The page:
Carpal tunnel symptoms — nonsurgical treatment

content provided by mayoclinic.com

Carpal tunnel symptoms — nonsurgical treatment

                       

Peter Amadio, M.D., a Mayo Clinic hand surgeon

The most important nonsurgical treatment is looking at the activities that you're doing and making sure you are not doing any of these awkward activities with the wrist bent, strong pinching, strong gripping, that might predispose or aggravate people to have carpal tunnel syndrome. After the activity modifications, it's important for people to remember to take frequent rest breaks, perhaps five minutes every hour. Do something a little bit different (with their hands) to give their hands a chance to get some more circulation back as they are doing activities throughout the day and to vary activities as much as you can throughout the day. So activity modification is very important.

After that, splinting is very helpful, especially at night. Many people wake up in the middle of the night with their hands numb and tingling. It's a very common symptom of carpal tunnel syndrome. That symptom can often times be controlled by wearing a brace on your wrist at night. Wearing a brace during the day usually just makes you do things differently and may actually aggravate the symptoms of carpal tunnel syndrome because you're doing things in a more awkward fashion. But at night, splinting can be very helpful. The other time that splinting is useful is when you're driving a car or something like that where you are doing prolonged gripping, and again, the splint helps to hold your wrist in a straighter position that can be helpful.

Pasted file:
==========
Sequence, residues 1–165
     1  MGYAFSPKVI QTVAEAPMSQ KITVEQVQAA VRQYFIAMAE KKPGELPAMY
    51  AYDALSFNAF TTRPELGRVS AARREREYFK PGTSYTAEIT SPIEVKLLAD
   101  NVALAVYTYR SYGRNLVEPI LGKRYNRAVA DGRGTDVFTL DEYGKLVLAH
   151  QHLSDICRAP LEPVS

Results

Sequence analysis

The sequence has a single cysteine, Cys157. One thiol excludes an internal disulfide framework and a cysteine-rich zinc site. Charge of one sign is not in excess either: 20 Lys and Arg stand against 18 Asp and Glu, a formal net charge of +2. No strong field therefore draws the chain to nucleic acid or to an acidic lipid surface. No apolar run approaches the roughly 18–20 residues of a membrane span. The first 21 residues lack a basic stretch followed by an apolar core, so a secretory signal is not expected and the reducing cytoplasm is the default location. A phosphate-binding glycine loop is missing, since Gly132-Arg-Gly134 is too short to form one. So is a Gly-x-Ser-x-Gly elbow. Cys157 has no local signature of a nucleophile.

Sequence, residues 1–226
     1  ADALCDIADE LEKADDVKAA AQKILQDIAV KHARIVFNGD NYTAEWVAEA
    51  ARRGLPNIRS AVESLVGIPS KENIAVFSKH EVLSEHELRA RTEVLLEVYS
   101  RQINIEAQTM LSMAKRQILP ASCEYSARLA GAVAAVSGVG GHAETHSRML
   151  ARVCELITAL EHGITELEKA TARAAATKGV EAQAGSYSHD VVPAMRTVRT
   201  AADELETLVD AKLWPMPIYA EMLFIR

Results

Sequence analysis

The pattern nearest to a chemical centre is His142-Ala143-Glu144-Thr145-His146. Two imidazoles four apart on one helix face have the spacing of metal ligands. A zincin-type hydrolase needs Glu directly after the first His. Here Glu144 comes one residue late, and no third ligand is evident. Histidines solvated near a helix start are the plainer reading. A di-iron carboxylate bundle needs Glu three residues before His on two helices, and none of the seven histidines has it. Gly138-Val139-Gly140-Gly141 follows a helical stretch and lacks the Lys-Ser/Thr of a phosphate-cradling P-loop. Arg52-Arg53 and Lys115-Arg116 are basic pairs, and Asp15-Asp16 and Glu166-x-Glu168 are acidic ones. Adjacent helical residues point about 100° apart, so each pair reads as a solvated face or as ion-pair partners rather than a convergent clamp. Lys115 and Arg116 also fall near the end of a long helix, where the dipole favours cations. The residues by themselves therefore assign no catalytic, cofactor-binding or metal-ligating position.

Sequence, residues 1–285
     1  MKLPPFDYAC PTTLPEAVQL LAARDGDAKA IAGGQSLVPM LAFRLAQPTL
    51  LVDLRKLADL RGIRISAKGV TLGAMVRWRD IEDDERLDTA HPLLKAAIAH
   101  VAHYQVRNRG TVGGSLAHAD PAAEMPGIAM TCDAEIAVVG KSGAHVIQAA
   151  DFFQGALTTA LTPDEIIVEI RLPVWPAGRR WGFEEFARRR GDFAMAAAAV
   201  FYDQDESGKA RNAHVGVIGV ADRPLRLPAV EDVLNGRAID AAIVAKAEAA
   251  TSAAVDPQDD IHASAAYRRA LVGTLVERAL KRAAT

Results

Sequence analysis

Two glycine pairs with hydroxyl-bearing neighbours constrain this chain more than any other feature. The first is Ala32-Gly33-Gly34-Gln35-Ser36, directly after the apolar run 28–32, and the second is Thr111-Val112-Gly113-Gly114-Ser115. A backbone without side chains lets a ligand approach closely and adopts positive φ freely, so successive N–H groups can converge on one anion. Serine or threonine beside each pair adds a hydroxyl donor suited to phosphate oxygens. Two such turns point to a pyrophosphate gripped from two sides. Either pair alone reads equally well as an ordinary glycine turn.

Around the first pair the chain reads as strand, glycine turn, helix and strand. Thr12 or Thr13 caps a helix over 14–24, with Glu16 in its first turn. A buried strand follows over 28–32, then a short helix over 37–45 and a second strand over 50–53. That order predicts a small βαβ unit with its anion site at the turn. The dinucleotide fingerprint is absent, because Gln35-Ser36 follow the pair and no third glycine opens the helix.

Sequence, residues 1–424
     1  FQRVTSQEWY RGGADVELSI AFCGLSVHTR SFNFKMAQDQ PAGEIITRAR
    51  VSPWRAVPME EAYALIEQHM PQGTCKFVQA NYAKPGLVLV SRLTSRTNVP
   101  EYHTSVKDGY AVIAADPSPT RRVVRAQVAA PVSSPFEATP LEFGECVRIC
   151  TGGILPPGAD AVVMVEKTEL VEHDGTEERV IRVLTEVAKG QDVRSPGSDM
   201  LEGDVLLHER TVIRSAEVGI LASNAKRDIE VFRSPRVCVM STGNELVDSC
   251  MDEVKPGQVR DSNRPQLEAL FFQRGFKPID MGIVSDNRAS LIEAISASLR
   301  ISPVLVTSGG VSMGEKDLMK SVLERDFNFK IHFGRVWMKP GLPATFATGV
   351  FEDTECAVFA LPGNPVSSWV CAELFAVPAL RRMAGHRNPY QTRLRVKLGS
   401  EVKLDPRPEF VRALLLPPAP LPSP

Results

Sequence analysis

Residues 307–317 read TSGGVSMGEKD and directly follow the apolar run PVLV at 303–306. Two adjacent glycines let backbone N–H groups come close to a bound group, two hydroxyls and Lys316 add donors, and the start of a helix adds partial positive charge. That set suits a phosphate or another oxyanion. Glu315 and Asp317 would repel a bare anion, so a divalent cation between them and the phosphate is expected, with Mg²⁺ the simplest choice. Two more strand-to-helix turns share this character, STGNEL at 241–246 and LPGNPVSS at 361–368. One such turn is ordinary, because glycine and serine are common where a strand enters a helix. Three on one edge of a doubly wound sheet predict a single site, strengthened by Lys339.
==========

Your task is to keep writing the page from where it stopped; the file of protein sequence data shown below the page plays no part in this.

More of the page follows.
The third nonsurgical treatment that is particularly effective is a cortisone injection into the wrist. We don't know exactly how it works, but it does seem to provide at least temporary relief in almost everybody with carpal tunnel syndrome, and then (in) about a third of people, it can provide quite long-lasting relief.

So, activity modifications, splinting at night, and cortisone injections are the main nonoperative treatments that help. Vitamins, anti-inflammatory medications, fluid pills of those natures don't appear to be as effective.

VIDEO HELP
If the video does not play, you may need to download and install the latest version of Windows Media Player.
Last Updated: 2010-04-17
© 1998-2014 Mayo Foundation for Medical Education and Research (MFMER). All rights reserved. A single copy of these materials may be reprinted for noncommercial personal use only. "Mayo," "Mayo Clinic," "MayoClinic.com," "Mayo Clinic Health Information," "Reliable information for a healthier life" and the triple-shield Mayo logo are trademarks of Mayo Foundation for Medical Education and Research.

Terms and conditions of use

 

Bookmark and Share   E-Mail Page   Printer Friendly Version